With the publication of my book The Invention of Women, in 1997, and its expanding readership, I experienced a qualitative change in my interactions at the ASA annual meeting. Colleagues would approach me expressing their appreciation for the book, telling me how it opened up all sorts of productive questions in their work, and how it positively impacted their prospects for tenure. On more than two occasions, having just been introduced to an African colleague, I was getting ready for a hug but found myself unexpectedly lifted off my feet, as these colleagues exuberantly chanted praises in true oriki mode. These encounters were not gender exclusive. After witnessing a few of these effusive engagements, a friend remarked wryly, ‘‘Ronke goes to the ASA conference to meet her public!’ I am grateful for the many colleagues who engaged with my work and exposed my writings to their students. I sometimes say the book The Invention of Women wrote me! Here, I must mention my former classmate at the University of Ibadan, colleague and friend Jimi Adesina, professor at University of South Africa, formerly at Rhodes University, who introduced and distributed my writings to colleagues, and to a generation of students in South Africa. One of the joys of the sabbatical year I spent in Pretoria was to discover that I had a following of young people.


I have edited three books; a fourth one is due out in 2022. These books represent collaborations with many colleagues. I admire their work and wish to acknowledge both their contributions to African Studies and their support for my own work. I cannot overstate the importance of community in enabling one’s success.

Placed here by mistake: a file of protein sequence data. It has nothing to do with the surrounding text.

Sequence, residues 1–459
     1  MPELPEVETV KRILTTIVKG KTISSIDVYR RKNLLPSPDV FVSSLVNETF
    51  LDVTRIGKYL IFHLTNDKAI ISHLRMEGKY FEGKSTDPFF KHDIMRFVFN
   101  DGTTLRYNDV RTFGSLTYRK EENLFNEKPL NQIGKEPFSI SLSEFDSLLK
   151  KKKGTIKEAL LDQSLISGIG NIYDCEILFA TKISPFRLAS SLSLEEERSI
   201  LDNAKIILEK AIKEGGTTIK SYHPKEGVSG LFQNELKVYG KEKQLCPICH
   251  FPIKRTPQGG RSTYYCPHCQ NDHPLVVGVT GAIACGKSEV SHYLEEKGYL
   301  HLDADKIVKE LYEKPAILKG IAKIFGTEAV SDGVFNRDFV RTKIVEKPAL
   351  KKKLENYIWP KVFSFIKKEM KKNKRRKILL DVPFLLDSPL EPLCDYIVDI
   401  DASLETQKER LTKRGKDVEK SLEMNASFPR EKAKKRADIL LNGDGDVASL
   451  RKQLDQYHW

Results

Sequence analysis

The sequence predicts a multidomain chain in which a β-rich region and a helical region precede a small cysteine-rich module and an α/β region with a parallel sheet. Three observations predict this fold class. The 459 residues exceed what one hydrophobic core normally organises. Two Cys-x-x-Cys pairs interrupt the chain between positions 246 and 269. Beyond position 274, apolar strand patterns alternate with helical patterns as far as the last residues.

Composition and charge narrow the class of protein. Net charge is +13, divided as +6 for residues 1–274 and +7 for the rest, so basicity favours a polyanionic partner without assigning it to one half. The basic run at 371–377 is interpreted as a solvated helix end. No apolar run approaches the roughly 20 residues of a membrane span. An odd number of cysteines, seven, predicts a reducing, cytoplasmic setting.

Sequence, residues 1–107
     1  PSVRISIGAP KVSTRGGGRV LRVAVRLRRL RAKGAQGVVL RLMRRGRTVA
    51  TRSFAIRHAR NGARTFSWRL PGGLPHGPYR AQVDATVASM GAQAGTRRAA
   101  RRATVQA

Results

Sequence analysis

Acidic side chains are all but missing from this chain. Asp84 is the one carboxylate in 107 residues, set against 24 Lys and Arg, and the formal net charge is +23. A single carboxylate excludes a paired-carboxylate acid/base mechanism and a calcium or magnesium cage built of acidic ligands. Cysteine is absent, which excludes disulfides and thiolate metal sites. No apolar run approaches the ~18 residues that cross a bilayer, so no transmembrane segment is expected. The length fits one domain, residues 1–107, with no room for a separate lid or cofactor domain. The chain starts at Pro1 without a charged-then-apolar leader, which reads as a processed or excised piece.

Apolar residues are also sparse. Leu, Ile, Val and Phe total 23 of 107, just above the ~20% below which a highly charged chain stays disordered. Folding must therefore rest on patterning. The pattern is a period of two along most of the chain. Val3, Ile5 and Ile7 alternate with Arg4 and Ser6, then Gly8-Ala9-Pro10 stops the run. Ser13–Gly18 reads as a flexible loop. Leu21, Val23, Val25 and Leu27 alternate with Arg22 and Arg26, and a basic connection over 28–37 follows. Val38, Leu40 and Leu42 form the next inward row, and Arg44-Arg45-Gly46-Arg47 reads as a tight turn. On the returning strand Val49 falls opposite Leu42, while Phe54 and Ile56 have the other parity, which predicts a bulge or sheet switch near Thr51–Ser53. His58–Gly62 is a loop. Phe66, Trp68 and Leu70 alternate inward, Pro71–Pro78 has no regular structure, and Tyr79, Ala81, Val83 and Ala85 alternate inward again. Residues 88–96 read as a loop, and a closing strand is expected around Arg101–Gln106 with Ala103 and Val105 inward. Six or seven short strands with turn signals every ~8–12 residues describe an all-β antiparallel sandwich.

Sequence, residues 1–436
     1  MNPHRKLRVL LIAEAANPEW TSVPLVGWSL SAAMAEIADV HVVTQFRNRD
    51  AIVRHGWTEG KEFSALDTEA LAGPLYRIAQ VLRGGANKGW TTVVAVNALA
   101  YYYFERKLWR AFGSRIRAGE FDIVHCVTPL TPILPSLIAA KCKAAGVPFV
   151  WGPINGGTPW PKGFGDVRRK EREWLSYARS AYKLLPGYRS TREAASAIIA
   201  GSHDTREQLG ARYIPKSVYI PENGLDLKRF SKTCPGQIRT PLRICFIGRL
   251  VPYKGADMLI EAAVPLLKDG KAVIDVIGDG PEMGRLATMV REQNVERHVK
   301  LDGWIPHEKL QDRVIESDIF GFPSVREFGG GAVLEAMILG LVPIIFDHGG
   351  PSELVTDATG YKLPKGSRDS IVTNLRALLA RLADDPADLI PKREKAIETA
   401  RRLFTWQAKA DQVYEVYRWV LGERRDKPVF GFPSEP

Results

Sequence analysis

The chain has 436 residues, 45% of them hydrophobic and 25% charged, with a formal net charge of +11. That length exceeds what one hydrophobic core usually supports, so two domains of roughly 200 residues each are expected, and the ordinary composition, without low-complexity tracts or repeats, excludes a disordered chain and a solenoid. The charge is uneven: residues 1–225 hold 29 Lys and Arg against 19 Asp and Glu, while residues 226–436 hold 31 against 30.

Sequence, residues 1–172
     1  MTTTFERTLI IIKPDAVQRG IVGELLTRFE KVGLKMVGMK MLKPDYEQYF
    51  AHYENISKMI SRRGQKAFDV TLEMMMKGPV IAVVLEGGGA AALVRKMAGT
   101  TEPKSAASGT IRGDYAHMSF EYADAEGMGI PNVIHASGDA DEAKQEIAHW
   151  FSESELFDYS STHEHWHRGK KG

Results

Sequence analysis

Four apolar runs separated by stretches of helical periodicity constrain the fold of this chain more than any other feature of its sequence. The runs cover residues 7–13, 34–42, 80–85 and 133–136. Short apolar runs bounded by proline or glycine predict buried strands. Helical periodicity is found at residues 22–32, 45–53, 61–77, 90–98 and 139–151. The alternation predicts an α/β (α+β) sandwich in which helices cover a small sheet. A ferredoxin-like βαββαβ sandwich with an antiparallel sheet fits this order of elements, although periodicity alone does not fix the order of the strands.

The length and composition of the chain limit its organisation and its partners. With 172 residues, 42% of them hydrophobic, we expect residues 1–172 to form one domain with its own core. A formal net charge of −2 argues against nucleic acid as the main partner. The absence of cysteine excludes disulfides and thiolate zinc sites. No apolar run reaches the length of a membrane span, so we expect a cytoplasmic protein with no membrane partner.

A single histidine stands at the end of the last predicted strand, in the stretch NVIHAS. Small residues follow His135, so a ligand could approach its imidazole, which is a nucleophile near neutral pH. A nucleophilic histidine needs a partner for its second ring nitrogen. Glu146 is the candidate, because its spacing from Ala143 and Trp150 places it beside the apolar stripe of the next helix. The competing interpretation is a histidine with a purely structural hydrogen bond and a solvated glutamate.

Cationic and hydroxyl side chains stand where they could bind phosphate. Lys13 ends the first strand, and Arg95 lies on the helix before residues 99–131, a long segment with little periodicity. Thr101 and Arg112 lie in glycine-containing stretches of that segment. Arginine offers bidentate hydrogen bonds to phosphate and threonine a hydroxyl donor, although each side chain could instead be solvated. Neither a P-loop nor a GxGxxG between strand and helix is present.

Over the years, I have received many accolades and much appreciation from students. I cannot describe the impact of my work better than two graduate students in African History, who took the time to inform me about the effect of my work on their own academic growth. Interestingly, although these comments arrived seventeen years apart, they were from two graduate students of African History at Yale, who did not know each other. First, Henry Trotter, a white American male student, wrote me a letter in 2004, seven years after the publication of Invention. The missive was hard copy, snail mail, and sent to my departmental address. This was at a time when email was not yet the currency for reaching people. I was impressed that this young man took the time to draft a letter in which he declared: ‘What was so great about reading the book is that ... I asked myself many new questions about the experiences I have had in Africa, the histories I have read, and future research projects I will engage in. You have spurred me to rethink all my primary assumptions. Thus you have re-enlivened my sense of the world and its possibilities. Is there anything greater that an educator can do for a student? ... your point that we Western academics need to step back and re-think our foundational commitments is well taken.’